What is it about The Wizard of Oz that makes it so popular now? There was the new production at the Festival Hall last year. Now there is the success of Wicked. Well, I have a suggestion. It is to do with economic collapse.
The idea that Frank Baum actually wove his tale around the monetary battles of the 1890s only emerged in 1963, but I’m sure it is right.
Although Oz stands easily on its own as a tale, it was also a subtle tract urging more money in circulation on behalf of the agricultural workers (the Scarecrow) and the industrial workers (the Tin Man).
Baum was involved in the battle between the supporters of gold standard money – authoritative and scarce – and silver money (much more plentiful). So Dorothy sets out on the Yellow Brick Road wearing the Witch of the East’s magic Silver Shoes (they were red in the Judy Garland film) – shoes that neither she, nor the Witch of the North, nor the Munchkins understand the power of.
The poor deluded residents of Oz are required to wear green-tinted glasses fastened by gold buckles. They see the world through the colour of money. Oz, of course, was the well-known measure of gold – the abbreviation for ounces – and the Wonderful Wizard, the personification of the gold standard, was finally revealed as a fraud.
This is how Baum saw the wizard-bankers who defended the gold standard: “Toto jumped away … in alarm and tipped over the screen that stood in a corner. As it fell with a crash they looked that way, and the next moment all of them were filled with wonder. For they saw, standing in just the spot the screen had hidden, a little old man, with a bald head and a wrinkled face, who seemed to be as much surprised as they were.”
All of which is a way of saying that The Wizard of Oz is about economic collapse. The 1939 film certainly implies that, but the original tale is also about the pomposity and delusions of bankers.
The Populist movement that inspired Baum has all gone now, but actually these issues remain with us, seeking shape. We still regard money as one, indivisible, totemic, semi-divine, golden truth, issued from on high by an infallible Federal Reserve or Bank of England, and handed down to a grateful populace. Actually it is many things, and as adaptable to human ingenuity as it ever was. We still walk around, like the people in the Emerald City, wearing tinted glasses which can only recognise what Wall Street or the City of London says is important.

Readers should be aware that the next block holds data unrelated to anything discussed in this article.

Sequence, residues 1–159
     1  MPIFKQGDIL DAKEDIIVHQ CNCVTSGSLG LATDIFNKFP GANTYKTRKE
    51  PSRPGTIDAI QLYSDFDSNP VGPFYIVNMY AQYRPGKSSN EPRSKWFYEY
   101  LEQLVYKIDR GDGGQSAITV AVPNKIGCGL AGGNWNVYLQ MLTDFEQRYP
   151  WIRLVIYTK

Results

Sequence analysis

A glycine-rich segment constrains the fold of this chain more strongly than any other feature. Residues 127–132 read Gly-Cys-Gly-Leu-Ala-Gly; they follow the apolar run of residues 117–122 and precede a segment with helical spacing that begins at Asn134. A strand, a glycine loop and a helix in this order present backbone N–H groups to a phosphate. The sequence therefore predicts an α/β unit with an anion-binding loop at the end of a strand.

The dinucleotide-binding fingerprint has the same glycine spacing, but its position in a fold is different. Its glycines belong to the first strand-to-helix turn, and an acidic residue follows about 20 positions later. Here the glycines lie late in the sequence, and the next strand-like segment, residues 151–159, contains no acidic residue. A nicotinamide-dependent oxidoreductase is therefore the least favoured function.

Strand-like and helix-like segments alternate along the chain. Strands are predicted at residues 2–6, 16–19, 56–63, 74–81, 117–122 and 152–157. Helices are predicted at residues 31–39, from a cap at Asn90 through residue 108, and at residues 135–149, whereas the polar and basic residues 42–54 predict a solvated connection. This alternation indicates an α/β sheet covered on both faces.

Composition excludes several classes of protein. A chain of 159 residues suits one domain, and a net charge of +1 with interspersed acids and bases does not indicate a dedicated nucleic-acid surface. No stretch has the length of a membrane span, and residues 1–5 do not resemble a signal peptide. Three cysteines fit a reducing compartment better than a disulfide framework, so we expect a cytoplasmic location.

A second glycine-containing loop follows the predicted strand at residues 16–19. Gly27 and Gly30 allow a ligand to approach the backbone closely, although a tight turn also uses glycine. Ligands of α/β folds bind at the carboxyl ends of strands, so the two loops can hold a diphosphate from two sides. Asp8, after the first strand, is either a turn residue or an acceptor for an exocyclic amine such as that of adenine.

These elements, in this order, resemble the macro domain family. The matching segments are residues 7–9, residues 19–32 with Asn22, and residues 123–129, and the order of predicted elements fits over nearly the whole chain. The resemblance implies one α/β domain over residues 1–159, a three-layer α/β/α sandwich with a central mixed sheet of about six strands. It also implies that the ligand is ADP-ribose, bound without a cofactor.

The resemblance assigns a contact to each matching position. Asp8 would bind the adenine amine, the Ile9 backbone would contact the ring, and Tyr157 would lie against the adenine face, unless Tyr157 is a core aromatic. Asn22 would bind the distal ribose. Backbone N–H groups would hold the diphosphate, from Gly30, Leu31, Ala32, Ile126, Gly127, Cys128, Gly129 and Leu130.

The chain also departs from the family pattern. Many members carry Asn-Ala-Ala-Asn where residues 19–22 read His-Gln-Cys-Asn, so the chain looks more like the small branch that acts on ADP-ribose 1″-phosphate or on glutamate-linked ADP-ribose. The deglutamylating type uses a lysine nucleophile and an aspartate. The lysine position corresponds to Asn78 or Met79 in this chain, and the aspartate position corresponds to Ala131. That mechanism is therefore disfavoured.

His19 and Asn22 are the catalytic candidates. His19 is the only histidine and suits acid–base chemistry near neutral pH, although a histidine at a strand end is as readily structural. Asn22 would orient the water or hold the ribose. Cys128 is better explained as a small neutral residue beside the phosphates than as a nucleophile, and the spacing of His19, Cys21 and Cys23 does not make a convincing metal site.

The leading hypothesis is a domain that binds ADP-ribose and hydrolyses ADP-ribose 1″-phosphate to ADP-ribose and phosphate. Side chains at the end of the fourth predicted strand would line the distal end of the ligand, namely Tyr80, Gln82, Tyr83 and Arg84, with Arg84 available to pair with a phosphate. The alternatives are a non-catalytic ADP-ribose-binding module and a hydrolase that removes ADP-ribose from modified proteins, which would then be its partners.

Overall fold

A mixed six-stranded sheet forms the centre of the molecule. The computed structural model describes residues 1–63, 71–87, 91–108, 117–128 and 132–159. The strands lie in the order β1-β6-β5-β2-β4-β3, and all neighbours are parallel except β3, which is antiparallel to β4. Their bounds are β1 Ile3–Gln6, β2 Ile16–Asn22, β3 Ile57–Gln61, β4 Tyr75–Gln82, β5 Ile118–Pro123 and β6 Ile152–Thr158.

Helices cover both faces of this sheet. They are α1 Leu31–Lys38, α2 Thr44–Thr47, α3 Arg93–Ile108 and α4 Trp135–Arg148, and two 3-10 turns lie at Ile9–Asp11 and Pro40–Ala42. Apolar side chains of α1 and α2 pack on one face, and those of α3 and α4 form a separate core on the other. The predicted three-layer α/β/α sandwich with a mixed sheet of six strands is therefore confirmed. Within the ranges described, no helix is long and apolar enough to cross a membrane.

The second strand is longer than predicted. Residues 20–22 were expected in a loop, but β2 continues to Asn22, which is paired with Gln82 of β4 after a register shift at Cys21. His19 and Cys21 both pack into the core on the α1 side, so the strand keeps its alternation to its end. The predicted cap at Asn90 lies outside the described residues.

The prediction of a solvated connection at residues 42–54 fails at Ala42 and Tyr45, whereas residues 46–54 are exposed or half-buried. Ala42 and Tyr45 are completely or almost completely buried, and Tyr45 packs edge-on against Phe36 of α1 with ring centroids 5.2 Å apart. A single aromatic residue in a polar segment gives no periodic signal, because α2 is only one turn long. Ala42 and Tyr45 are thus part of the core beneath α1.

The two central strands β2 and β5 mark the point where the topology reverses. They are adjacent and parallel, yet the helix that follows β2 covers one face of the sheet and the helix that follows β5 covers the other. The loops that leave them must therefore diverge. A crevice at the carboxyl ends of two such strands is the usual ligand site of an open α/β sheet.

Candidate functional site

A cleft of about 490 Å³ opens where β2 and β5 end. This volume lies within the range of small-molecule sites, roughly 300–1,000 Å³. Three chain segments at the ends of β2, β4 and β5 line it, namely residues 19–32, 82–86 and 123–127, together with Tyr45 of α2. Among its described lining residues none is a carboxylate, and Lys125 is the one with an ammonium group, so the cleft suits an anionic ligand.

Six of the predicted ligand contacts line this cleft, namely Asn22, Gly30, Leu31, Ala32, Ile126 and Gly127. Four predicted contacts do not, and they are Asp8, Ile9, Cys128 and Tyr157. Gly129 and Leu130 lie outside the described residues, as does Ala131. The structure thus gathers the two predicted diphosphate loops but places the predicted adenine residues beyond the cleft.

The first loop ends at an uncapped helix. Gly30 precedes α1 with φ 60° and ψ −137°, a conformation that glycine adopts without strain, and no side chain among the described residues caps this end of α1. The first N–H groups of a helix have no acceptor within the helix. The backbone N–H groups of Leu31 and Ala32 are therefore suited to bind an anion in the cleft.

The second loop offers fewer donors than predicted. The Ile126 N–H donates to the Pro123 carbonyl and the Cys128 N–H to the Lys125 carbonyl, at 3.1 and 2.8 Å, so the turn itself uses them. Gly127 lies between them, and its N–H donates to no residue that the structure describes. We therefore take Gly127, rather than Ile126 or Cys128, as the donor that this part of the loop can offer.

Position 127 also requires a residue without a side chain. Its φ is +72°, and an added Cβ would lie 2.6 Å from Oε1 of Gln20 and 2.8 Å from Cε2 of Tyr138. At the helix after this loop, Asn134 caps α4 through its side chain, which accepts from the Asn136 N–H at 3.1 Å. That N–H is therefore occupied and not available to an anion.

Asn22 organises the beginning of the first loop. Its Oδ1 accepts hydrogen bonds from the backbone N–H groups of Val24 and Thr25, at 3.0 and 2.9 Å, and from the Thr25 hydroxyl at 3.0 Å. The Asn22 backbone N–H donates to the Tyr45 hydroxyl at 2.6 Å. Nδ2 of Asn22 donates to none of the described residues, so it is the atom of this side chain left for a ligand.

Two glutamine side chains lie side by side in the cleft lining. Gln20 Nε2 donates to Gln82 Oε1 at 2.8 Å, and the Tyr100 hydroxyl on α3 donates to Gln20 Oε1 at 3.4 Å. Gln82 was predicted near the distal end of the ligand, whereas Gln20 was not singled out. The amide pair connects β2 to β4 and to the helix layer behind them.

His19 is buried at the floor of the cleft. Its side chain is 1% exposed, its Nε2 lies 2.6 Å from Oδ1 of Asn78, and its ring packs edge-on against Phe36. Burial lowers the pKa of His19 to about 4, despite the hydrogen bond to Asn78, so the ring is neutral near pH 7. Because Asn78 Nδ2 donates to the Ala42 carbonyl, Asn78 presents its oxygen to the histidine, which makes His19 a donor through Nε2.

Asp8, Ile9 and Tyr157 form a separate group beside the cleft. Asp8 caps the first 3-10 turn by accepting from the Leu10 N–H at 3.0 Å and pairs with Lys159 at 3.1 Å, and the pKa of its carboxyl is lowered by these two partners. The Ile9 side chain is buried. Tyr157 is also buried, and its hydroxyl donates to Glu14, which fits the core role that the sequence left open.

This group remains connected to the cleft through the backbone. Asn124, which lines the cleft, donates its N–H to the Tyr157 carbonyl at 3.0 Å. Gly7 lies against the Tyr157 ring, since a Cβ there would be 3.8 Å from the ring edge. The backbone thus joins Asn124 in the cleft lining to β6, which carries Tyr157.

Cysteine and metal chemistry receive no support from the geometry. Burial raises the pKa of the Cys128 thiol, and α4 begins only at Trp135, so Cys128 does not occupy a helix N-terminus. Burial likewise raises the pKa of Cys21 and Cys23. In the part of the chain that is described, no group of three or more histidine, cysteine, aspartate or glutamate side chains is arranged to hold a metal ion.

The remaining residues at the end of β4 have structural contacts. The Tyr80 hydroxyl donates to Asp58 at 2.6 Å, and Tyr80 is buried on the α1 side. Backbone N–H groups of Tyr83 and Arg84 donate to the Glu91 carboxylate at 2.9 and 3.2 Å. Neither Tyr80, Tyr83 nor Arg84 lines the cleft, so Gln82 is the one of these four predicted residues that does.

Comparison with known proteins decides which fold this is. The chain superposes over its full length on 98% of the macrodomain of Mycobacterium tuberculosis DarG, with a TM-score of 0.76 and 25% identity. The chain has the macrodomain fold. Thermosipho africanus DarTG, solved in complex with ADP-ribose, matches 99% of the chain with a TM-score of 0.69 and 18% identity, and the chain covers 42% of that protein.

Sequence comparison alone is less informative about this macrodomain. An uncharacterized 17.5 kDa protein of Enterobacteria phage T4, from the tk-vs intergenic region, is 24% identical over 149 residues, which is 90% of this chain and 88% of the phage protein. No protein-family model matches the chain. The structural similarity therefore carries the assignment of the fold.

We still suffer from the way that these eyeglasses twist how we see the world, causing so much of what we value to disappear because it has no monetary worth: families, communities, forests, rivers. We still see the monoculture imposed by our money system driving out other cultures, species, languages, opinions, and forms of wealth. We find that financial services are so profitable that almost every other economic activity – and especially Aunt Em’s farming – is threatened. The big banks are now twice as profitable as they were even ten years ago. The rare occasions when they are not, we all of us find ourselves bailing them out.
In the UK, there is a particular problem of a serious shortage of banks after generations of consolidation and centralisation. Our businesses are now in a far weaker position than American or German competitors, and potential competitors, because we have no equivalent lending infrastructure. There are only 170 branches per million people in the UK, compared to 520 in Germany and 960 in France.
Meanwhile, the great corporations are striving to become banks themselves. They are shedding the real work until they are shells that just do financial services. Money, at least as we conceive it, is driving out life. We feel the hurricane of $3 trillion a day blowing through the world, but we have to remember it isn’t what it seems. It reeks of decay.
Could anyone write a parable along the lines of Baum, to put the same points as he did? Well, that was what was suggested to me some years ago, and I made an attempt. It is an updated Oz, still a mythic story in its own right, about also about money – a Wizard of Oz for the age of derivatives trading and Goldman Sachs.
It is on sale now, published through The Real Press. It includes a short essay about the meaning of the original Oz, my speech at the launch of the Brixton Pound last year, and some wonderful illustrations by Karin Dahlbacka, which are worth all the rest put together.